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Thursday, July 2, 1998 Published at 11:49 GMT 12:49 UK


'Even £10bn may not cure the NHS'

Tony Blair pledged a new future for the NHS


Simon Hughes talks about NHS finances
Ministers have been warned that even a £10bn cash injection may not be enough to solve the problems of the NHS.

Opposition politicians say the rumoured £10bn cash injection which the government is reporting to be planning for the NHS over the next three years may not be adequate to modernise it.

However health professionals have given a cautious welcome to government plans for a modernisation of the health service.

Announcing the creation of a NHS Modernisation Fund on Thursday, Prime Minister Tony Blair refused to be drawn on how much extra money would be pumped into the NHS.

Mr Blair told delegates at the NHS 50th anniversary conference in London that an announcement on the government's comprehensive spending review would be made in Parliament in two weeks. Health is thought to be first in line for extra funds.

He confined himself to promising that NHS funding would be increased year on year and stating that the NHS would get the funding it needed.

Mr Blair did confirm that NHS trusts and GP practices will be asked to bid for funds from the Modernisation Fund, which will be protected, and will be designed to promote innovation and good practice.

'They're just catching up'


[ image: Anne Widdecombe: Government should admit NHS problems are deep-seated]
Anne Widdecombe: Government should admit NHS problems are deep-seated
Shadow health secretary Anne Widdecombe welcomed more money for the NHS but called on ministers to admit the problems of the NHS were 'far more deep-seated than they realised.'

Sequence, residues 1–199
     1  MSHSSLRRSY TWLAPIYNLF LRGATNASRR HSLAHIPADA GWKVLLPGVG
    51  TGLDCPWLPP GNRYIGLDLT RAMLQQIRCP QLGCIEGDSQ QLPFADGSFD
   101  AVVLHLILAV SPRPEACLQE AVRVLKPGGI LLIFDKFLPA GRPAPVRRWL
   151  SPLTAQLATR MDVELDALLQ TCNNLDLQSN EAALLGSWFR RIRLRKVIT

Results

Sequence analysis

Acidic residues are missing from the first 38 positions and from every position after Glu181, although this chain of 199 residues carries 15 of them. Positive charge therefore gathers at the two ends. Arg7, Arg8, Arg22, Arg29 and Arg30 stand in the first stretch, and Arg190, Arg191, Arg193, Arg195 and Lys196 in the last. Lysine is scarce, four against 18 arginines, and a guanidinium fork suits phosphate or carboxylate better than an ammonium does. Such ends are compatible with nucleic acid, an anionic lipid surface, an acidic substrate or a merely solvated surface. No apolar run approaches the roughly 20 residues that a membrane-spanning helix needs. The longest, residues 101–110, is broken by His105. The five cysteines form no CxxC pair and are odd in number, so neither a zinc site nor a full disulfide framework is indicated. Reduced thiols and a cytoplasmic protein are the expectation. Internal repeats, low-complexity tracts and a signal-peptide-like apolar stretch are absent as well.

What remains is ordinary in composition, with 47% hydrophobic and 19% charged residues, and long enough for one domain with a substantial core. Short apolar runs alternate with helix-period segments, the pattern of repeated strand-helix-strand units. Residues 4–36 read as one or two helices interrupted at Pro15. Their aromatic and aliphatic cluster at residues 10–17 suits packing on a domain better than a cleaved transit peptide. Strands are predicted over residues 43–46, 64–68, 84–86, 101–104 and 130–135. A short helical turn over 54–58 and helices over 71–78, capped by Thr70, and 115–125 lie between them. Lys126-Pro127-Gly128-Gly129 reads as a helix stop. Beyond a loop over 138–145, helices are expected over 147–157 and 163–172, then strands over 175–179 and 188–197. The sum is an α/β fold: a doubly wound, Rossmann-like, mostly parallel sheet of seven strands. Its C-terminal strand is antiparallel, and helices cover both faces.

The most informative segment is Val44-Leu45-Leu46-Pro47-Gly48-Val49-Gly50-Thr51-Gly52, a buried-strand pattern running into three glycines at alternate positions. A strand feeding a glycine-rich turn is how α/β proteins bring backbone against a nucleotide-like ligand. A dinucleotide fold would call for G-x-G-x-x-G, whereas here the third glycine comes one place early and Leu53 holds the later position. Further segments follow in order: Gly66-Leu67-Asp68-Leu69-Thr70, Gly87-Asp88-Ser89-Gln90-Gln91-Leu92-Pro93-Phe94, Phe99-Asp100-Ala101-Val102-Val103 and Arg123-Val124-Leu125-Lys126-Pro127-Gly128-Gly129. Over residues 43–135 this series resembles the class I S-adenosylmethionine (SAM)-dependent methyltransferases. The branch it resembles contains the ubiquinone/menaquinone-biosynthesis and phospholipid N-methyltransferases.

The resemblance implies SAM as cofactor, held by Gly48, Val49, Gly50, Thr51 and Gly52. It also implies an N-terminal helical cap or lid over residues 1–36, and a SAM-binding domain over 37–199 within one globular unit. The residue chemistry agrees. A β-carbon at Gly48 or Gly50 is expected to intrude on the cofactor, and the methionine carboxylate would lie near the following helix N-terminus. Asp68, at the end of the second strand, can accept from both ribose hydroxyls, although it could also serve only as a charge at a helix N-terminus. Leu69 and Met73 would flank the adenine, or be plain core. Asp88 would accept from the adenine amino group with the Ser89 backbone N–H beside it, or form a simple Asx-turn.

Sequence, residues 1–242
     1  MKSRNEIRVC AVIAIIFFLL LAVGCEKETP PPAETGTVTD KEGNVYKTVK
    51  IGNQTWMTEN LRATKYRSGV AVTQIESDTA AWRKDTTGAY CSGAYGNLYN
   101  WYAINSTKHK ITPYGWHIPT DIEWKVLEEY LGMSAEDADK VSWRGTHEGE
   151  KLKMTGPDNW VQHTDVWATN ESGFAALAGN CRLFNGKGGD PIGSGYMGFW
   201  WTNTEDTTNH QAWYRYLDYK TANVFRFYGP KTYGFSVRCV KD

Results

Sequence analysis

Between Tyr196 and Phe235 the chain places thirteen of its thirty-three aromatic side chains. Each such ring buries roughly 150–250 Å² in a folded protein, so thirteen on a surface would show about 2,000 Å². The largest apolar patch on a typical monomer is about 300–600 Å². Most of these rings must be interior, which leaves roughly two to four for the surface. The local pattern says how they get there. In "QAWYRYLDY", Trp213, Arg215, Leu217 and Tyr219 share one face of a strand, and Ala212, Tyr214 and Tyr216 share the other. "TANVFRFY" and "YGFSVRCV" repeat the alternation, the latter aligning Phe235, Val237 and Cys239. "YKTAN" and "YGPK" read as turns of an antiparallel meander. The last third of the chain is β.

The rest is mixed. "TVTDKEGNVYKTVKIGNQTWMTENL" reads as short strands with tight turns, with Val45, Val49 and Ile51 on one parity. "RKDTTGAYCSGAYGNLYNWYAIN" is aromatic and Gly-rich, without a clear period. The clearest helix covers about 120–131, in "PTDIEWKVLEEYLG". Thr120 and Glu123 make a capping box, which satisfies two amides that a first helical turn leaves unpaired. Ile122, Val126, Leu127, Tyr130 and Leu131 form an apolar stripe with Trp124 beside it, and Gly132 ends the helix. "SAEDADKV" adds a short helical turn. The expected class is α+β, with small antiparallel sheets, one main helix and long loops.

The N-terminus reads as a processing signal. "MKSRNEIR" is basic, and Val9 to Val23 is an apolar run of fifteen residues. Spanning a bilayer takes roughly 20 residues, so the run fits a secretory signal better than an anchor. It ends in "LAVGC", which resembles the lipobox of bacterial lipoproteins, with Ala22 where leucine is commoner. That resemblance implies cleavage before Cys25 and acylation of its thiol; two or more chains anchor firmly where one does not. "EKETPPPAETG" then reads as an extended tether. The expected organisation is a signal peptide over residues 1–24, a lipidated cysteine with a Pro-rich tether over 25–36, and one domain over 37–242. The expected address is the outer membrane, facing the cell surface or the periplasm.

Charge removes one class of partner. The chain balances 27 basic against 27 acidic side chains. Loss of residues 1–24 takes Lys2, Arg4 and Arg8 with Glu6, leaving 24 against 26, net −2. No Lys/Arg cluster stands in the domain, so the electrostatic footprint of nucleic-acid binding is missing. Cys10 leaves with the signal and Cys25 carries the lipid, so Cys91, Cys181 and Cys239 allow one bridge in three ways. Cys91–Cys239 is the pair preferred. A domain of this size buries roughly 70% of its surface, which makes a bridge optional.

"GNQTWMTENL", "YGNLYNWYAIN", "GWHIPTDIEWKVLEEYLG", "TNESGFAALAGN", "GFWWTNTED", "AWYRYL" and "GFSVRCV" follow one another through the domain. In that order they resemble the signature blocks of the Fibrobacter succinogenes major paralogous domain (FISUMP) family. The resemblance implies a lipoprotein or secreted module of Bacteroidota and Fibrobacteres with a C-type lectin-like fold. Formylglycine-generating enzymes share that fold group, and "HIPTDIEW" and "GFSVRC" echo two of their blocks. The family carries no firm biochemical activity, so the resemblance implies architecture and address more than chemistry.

She said an extra £8bn was needed just to 'stand still'.

"Before we get carried away by more money, the sums that they are talking about are those that they would have to spend just to catch up with our average year on year increases. Don't let's look on this as purely extra money.

"Demand in the NHS is increasing at a phenomenal rate. It was set up with the rather naÔve view that demand would decline, but the reverse has happened. We now have to ask ourselves is it ever going to be possible to meet every last patient expectation.

"If the answer to that is no then there is a very serious debate to be had about prioritisation and how we manage a near infinite demand and certainly not infinite resources."

Desperate need for modernisation

Liberal Democrat health spokesman Simon Hughes said: "The NHS desperately needs modernisation money for information technology and the rest.

"The NHS needs 3% a year increase to stand still. You have to have a percentage above that. In a budget of £45bn, half a billion is 1%, and if you get £1.5bn a year that is 3%. You need to be above that - 4-5% a year over a parliament - to be able to do the sort of things that build for the future and do not just patch up the system at present.

"It is no good just having a pot people bid for and do not know whether they are going to get any money or not."

Patient centred care

Peter Homa, appointed by the government to find ways to cut waiting lists, said: "More money is necessary, but it is insufficient. The NHS has to capitalise on its talented staff, the creativity, the innovation that exists, to provide care in the most efficient, patient centred way."


[ image: Mark Jones: nurse morale will be boosted]
Mark Jones: nurse morale will be boosted
Mark Jones, of the Royal College of Nursing, said: "The commitment to provide more cash to improve services will increase doctors and nurses' morale.

"Nurses are at the forefront in terms of basing their practice on evidence based care on the latest research, and are pretty swift in terms of being able to demonstrate their value for money.

"If we can back that up with a new technologically based health service, as the Prime Minister seems to be indicating, we are pretty convinced that we can meet him perhaps more than half way in delivering the goods in terms of a health service for the next millennium." A recent survey of NHS staff showed that they were subjected to very high stress levels. A third of doctors showed real signs of stress and managers were under the most pressure.



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